— The Nests and Eggs of Indian Birds, Volume 1 • Allan O. Hume

... you," he replied, coming closer, on the side from which she turned. "Here is the window. You are the maiden. The thorn—it is my love for you"; he dropped his voice to a whisper "You planted it carelessly, far below you in the dark. In the dark it ...
— A Roman Singer • F. Marion Crawford

... them to hope, and even to reestablish themselves in Kyoto, Osaka, and elsewhere. He was preparing for the great contest which was to be decided by the battle of Sekigahara;—he knew that the Christian element was divided,—some of its leaders being on his own side, and some on the side of his enemies;—and the time would have been ill chosen for any repressive policy. But in 1606, after having solidly established his power, Iyeyasu for the first time showed himself decidedly opposed to Christianity by issuing an edict forbidding further mission work, and proclaiming ...
— Japan: An Attempt at Interpretation • Lafcadio Hearn

... supporting Mr. Brown. The ministers, by this time, have made up their minds that the best course they can follow is to let Mr. Brown's friends have all the talk to themselves, but some independent members on the side of the Government are sure to be provoked into making speeches denouncing the obstructives and thereby only helping to obstruct. At length, when all Mr. Brown's friends have had their say—and Mr. Brown, it will be remembered, cannot speak again on this particular question—a division is ...
— A History of the Four Georges and of William IV, Volume IV (of 4) • Justin McCarthy and Justin Huntly McCarthy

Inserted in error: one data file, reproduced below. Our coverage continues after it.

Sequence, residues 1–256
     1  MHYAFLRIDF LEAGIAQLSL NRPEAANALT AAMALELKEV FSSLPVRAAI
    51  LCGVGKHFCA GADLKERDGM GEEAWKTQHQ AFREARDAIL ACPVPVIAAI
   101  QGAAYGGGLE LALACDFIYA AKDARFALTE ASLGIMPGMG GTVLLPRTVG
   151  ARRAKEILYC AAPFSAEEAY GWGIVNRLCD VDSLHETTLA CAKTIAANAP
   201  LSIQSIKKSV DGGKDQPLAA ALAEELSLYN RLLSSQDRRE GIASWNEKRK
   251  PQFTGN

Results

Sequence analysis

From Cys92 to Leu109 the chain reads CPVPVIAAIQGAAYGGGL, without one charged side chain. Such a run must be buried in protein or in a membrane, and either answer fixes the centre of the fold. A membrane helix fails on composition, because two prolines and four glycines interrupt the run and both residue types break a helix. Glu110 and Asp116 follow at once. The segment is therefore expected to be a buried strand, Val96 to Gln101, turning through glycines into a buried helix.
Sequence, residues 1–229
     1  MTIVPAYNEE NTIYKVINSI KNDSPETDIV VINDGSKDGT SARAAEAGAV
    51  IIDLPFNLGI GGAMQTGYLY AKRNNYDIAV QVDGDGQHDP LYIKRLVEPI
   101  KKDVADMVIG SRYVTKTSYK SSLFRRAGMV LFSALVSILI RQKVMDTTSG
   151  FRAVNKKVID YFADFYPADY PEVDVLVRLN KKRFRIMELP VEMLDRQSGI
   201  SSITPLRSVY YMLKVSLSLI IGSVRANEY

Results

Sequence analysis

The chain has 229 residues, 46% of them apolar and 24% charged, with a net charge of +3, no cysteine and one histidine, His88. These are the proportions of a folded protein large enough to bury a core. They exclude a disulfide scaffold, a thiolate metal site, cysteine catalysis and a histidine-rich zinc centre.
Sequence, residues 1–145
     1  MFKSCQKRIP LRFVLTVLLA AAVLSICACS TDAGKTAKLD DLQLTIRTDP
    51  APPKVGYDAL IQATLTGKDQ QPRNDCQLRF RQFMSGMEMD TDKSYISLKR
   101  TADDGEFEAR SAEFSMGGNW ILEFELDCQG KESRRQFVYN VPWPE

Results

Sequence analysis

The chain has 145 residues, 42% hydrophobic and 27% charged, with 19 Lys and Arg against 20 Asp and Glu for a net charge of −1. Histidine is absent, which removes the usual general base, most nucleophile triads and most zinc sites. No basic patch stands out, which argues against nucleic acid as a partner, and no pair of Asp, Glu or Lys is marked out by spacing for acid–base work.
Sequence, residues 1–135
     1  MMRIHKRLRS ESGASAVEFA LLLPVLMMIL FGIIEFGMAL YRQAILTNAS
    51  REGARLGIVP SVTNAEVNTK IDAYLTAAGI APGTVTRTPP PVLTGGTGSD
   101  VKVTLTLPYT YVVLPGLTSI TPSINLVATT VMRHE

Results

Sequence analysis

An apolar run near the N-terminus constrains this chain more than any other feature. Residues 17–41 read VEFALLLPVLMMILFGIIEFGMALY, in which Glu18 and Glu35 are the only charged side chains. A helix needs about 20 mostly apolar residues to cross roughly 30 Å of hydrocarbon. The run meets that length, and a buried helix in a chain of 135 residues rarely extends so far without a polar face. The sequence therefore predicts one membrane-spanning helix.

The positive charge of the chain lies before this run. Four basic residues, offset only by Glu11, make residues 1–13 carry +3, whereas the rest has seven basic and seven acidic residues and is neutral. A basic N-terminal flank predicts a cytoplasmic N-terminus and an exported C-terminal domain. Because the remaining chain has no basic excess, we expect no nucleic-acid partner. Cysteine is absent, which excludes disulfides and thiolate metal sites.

... the departure of the spirit from the grave, in order that he may repair to a more commodious lodging or be born again into the tribe. For example, the Arunta of Central Australia always bury their dead in the earth and raise a low mound over the grave; but they leave a depression in the mound on the side which faces towards the spot where the spirit of the deceased is supposed to have dwelt in the intervals between his successive reincarnations; and we are expressly told that the purpose of leaving this depression is to allow the spirit to go out and in easily; for ...
— The Belief in Immortality and the Worship of the Dead, Volume I (of 3) • Sir James George Frazer

... the county. It's a bum one. You'd think it was a dozen, to hear them talk about the immense undertaking of making it halfway decent. Any other place would do these things they've been talking about for ten years just on the side, as part of the get-ready. Lucky they didn't have to do anything in the way of getting those mountains set proper, or there'd be ...
— The Rules of the Game • Stewart Edward White

... said the D.A. "Send the papers in to Pepperill and tell him on the side it'll make him famous. He'll ...
— By Advice of Counsel • Arthur Train

... whole multitude seemed to have melted away from our view. I feared some cruel deception, and at first peered out very cautiously to spy the land. But yonder in very truth a vessel came sailing into view. It was the Blue Bell Captain Hastings. I set fire to the reeds on the side of the hill to attract his attention. I put a black shawl as a flag on one end of the Mission House and a ...
— The Story of John G. Paton - Or Thirty Years Among South Sea Cannibals • James Paton

... To change the under sheet.—Turn the patient over on the side away from you and fold the soiled sheet in flat folds close to the body. Lay the clean sheet on the side of the bed near you, tuck it in, and fold half of it against the roll of soiled sheet, so that both can be slipped under the body at once. ...